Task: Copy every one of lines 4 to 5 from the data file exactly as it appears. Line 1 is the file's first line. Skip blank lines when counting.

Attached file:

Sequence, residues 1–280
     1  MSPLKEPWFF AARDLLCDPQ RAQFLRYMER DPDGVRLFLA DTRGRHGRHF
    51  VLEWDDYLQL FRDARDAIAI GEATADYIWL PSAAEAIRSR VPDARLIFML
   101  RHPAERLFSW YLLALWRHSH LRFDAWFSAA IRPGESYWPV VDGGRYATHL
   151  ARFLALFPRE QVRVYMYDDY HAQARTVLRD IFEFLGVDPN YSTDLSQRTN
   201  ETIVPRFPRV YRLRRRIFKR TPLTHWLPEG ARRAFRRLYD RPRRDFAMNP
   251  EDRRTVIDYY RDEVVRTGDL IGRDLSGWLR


   101  RHPAERLFSW YLLALWRHSH LRFDAWFSAA IRPGESYWPV VDGGRYATHL
   151  ARFLALFPRE QVRVYMYDDY HAQARTVLRD IFEFLGVDPN YSTDLSQRTN